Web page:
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How to run a shadow payroll for employees on international assignments

Ensuring compliance in both home and host countries requires careful coordination and planning.

For Giuseppe Brancato, an Italian railway engineer working for a German company who is stationed in Latvia, pay is a multi-country affair. His income is taxed in Latvia, where his employer pays payroll taxes, while his pension is split between an American and an Italian retirement account that his employer pays into.

He doesn’t pay into the German or Italian state social security system, but he still has to declare his income in Italy. He also has to be careful how much money he sends to his wife, a marketing manager who lives with their son in Milan, to avoid triggering tax audits and other onerous checks.  

“No one in the company explains this to you,” Brancato says of the complications surrounding cross-border money transfers. “It’s something you learn by yourself, or by speaking to other people.” Before Latvia, he spent six years overseeing construction of a state-of-the-art metro system in Qatar.

In both cases, his employer handled any payroll requirements in his host country while managing his benefits from a home country. These mirror payroll systems — also called “shadow payroll” — are increasingly common as the global workforce becomes more mobile, according to the Global Payroll Association (GPA). Traditionally, many short-term business assignments have been payroll exempt, but today, more and more countries are adopting immediate payroll requirements.

What is shadow payroll?

Shadow payroll describes a situation where an employee’s international assignment gives rise to a local payroll tax obligation in the host country in addition to payroll requirements in the home country. Specifically, it occurs when the host location has a payroll tax withholding obligation that is triggered by the employee performing employment duties in the host location.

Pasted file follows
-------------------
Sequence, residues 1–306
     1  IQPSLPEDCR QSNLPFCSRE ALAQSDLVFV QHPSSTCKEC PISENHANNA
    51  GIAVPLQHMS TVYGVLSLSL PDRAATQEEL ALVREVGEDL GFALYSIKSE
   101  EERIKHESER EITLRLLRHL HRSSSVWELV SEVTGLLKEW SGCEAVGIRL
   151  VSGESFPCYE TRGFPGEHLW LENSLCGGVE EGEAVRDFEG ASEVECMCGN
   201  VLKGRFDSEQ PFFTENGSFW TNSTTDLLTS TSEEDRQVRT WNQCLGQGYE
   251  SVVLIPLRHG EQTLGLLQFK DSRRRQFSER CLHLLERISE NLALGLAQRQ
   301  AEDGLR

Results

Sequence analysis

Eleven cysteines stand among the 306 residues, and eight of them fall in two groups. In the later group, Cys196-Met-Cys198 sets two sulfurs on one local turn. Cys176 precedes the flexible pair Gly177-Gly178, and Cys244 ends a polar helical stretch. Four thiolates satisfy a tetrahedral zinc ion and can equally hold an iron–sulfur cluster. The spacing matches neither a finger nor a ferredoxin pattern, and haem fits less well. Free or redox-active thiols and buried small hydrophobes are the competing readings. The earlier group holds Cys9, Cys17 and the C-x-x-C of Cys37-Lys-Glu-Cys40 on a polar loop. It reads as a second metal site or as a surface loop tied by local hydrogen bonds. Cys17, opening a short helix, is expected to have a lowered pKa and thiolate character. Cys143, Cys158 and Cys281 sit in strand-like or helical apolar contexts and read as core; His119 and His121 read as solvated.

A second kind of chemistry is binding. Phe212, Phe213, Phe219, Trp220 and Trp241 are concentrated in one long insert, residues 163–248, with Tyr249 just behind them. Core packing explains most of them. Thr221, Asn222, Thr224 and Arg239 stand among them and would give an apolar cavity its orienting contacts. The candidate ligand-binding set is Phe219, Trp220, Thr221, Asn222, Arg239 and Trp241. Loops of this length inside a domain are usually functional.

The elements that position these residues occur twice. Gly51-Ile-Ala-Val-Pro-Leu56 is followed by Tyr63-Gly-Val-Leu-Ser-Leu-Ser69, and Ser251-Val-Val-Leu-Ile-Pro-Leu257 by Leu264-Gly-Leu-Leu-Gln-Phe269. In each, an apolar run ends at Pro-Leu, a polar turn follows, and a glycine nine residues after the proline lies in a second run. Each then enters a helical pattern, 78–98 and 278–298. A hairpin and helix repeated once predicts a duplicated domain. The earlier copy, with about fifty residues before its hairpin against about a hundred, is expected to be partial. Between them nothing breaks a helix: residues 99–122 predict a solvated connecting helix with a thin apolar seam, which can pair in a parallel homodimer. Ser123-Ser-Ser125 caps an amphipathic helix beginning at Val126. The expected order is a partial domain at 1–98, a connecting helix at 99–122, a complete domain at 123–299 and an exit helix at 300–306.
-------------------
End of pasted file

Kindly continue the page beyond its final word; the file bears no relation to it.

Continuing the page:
The employee is typically paid in the home location, where social security and pension contributions are usually maintained, while a shadow payroll is simultaneously operated in the host location to calculate and pay the withholding taxes owed.  

The employee is usually aware of the shadow payroll, but shouldn’t be affected in practical terms. The shadow payroll happens in the background — hence the term “shadow” — with the net pay arriving in the home country as usual (unless certain benefits related to the assignment must be paid locally).

But not every assignment abroad results in a shadow payroll. Sometimes employees who transfer overseas become fully local hires; they are hired on new contracts in the assignment country, move onto the assignment country’s social security system, and are physically paid in the new location.

Other times, an employee on a short assignment is exempt from tax in the host country, so long as the employer successfully applies for an upfront dispensation. Finally, some jurisdictions don’t have any provisions for employers to register and pay withholding taxes. In that case, the employee’s tax position still needs to be addressed, either through year-end tax returns or moving the employee to local terms.

Home and host country needs

Running an effective shadow payroll requires careful planning around four separate pillars: home country requirements; host country requirements; both countries’ relocation, travel and subsistence rules; and year-end obligations.

Each employee has a specific situation and different benefit needs and residency requirements, says Chris Acostandei, Director GlobalView Product at ADP. 

“That’s the most challenging part: the compliance piece,” he says. Payroll suppliers such as ADP offer the tools to be compliant, but the decisions on how and what to report is part of accounting audit guidance. “Those instructions are submitted to us from the clients who are working with their accounting partners,” Acostandei adds.

The first question from the home country perspective is the employee’s expected residence status. From there, the employer must determine any withholding tax obligations and exemptions, and understand the employee’s social security position.  

“It helps if they feel like the company is taking care of them.”